Which team that vowed not to be a taxpayer considers cutting a check?
Which team that preached cap sanity goes a bit insane?
Which team that made July 1 the priority decides to fast-track?
Unlike the NBA trading deadline in so many previous years, the Feb. 18 deadline features a collective set of variables heretofore unseen.
There are economic hardships that have teams not only desperate to get below the dollar-for-dollar tax on excessive payroll, but have those same owners angling for one of the $4.5 million checks that goes to teams finishing the season below that threshold.
There are big spenders who had vowed to be no-so-big spenders, as the league seeks solidarity entering the impending round of collective-bargaining negotiations.
And there are teams who put all their fiscal eggs in the 2010 free-agency basket, with that strategy showing cracks now that LeBron is thriving at the top of the league in Cleveland and Chris Bosh has the Raptors at heretofore unseen levels.
So is a season of change upon us?
That just might be the case.
Paul Allen appeared to be reformed; Mark Cuban appeared headed that way.
The free spending hasn't been as free-flowing in recent years. Allen has his Trail Blazers below the tax and reasonably close to the salary cap. Cuban, although still operating in a stratosphere, has at least spoken a more conciliatory game about cost containment.
Yet the Blazers are fighting for their playoff lives without a true center, and the Mavericks have been erratic.
That has had Portland linked to big men with reasonable contracts, such as Washington's Brendan Haywood, as well as small forwards with not-so-reasonable contracts, such as the Wizards' Caron Butler.
It is possible that by the trading deadline, the Mavericks bypass the Lakers for the league's loftiest payroll and that the Blazers move closer to the tax threshold.
In each case, the perspective has been on the standings, which, these days, is not always the driving perspective.
The 2010 fantasies
This was supposed to be when the Raptors would give up hope. Instead, Toronto is a clear No. 5 seed in the East.
So those visions of acquiring Chris Bosh, then using his Bird Rights to more easily maneuver through this summer's personnel process? Ain't gonna happen.
As for the Cavaliers getting nervous about LeBron? There has not been any point during James' career when he has appeared more comfortable, more set, better positioned, and more financially secure from an endorsement perspective.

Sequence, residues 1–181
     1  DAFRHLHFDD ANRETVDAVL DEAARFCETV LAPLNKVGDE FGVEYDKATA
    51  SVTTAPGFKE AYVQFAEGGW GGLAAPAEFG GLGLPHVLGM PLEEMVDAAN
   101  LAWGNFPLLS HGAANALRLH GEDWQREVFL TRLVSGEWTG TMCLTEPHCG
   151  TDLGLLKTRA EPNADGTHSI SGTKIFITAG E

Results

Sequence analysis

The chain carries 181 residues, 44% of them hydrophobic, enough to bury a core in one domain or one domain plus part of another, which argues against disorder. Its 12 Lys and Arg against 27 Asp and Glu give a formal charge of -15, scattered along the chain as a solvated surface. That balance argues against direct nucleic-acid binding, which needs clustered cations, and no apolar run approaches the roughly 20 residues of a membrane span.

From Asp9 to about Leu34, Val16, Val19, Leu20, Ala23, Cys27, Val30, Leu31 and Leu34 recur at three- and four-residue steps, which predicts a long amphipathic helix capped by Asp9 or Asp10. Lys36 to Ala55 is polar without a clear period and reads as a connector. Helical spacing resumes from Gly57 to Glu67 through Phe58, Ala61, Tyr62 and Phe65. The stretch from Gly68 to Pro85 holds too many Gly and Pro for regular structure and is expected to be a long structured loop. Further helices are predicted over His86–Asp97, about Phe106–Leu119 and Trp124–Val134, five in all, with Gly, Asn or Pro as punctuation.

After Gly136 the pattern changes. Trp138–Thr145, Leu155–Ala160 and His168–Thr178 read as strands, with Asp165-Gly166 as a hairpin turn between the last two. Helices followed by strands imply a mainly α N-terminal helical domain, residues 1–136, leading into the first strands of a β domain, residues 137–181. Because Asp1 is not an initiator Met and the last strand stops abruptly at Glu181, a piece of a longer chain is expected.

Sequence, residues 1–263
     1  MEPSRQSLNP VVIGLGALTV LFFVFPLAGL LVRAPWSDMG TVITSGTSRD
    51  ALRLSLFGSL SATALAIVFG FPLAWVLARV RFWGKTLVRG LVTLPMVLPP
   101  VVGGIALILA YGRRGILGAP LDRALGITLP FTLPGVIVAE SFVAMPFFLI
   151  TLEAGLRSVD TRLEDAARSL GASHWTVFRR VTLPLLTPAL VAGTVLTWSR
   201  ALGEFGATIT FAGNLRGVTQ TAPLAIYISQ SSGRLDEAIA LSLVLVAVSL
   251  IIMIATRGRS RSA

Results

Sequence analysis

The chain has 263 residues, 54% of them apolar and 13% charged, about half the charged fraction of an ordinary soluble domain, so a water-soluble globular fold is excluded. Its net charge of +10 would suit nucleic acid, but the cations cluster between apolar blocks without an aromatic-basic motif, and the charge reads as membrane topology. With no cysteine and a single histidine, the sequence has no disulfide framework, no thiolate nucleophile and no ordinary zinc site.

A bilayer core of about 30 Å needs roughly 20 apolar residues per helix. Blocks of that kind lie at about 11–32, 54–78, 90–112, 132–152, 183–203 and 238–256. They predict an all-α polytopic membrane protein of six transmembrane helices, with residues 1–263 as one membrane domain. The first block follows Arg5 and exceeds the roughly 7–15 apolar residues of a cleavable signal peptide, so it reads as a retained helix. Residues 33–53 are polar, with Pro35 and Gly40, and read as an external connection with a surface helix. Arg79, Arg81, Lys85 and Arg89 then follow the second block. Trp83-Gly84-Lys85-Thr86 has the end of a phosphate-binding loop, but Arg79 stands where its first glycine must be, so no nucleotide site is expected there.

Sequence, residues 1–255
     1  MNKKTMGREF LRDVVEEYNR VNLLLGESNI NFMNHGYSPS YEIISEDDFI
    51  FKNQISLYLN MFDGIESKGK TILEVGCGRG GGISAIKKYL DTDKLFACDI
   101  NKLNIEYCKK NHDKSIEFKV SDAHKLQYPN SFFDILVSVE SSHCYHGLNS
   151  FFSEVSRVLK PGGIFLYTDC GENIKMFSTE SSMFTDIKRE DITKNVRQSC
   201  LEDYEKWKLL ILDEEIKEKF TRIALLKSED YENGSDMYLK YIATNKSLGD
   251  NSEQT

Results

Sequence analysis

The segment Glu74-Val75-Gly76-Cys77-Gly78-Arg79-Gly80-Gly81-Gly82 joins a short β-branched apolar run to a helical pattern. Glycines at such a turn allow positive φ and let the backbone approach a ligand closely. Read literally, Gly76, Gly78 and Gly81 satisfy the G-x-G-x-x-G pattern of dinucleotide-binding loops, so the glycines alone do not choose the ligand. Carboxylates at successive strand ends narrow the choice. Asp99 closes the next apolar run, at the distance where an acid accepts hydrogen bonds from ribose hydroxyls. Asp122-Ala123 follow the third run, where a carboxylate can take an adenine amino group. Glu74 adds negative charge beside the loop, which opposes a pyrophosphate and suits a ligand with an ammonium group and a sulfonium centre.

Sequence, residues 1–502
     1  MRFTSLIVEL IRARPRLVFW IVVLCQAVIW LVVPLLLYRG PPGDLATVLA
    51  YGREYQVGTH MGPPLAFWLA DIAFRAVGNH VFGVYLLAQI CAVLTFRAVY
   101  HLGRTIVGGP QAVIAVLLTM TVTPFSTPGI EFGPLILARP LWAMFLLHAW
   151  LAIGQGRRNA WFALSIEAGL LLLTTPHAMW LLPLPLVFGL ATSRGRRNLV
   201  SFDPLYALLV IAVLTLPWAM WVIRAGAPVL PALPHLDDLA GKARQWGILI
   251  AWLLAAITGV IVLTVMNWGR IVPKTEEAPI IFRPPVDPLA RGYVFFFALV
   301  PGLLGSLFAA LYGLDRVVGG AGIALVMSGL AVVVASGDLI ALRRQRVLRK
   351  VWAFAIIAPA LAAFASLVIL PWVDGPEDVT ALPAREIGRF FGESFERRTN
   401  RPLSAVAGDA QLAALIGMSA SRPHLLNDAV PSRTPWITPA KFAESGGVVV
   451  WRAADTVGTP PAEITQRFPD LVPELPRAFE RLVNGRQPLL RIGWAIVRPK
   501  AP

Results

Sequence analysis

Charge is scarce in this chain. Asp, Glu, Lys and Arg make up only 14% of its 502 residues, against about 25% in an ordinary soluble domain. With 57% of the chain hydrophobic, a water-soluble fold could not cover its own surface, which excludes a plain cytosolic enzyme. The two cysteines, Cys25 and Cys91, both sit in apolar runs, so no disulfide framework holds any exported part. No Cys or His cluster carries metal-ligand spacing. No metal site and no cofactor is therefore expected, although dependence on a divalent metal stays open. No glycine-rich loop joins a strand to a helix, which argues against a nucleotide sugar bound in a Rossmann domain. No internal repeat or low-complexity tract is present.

In other words, it might be time for Plan B for those hoarding 2010 cap space.
The Heat, amid its recent slide, no longer can feel quite as comfortable about its waiting game with Dwyane Wade. That could lead to a quick-strike move for Amare Stoudemire, even if it means having to deal with the possibility of the Suns forward bypassing his 2010 option. Carlos Boozer, a Miami offseason resident, could be another option.
The Knicks, however, seemingly are over their fantasy of a playoff berth, so they will keep trying to unload the contract of surprisingly productive Jared Jeffries, even if it means packaging him with proven talent.
Watch Chicago as the deadline nears, too.
Although it appeared likely at the end of last season that John Salmons would bypass his 2010-11 player option, that no longer is the case, amid his declining productivity. That means the cap-conscious Bulls can't take the chance of Salmons ending the season on their roster.
With the situation of hometown Wade having turned so tenuous in Miami, figure on the Bulls doing everything possible to maximize their 2010 cap space. That means Kirk Hinrich could be in his final hours in Chicago.
Although it appeared 2010 free agency initially would mute the trade market, it actually could increase the chatter by the deadline.
The taxing issues
The single most significant number at the deadline? That would be $69,920,000, the luxury-tax threshold for this season.
Operate above it, and you pay a dollar-for-dollar penalty for any payroll overage.
Operate below it, and there is a $4.5 million check with your name on it.
For the Hornets, who have spent the season juggling their books to avoid the tax, with selloffs of players such as Rasual Butler, Hilton Armstrong and Devin Brown, the question becomes whether they can survive the absence of Chris Paul with only the limited help of 10-day contracts (which is all they can afford under the tax).
Similarly, the Heat, which is fighting for their playoff life, can send forward Dorell Wright to the Grizzlies, who have expressed interest, and that would get Pat Riley's team below the tax. Problem is, Wright has been playing lately as Miami's best small forward.
PBT: LeBron James took over the 4th quarter, Ray Allen hit a huge three to force OT and the Heat survived to force a Game 7.
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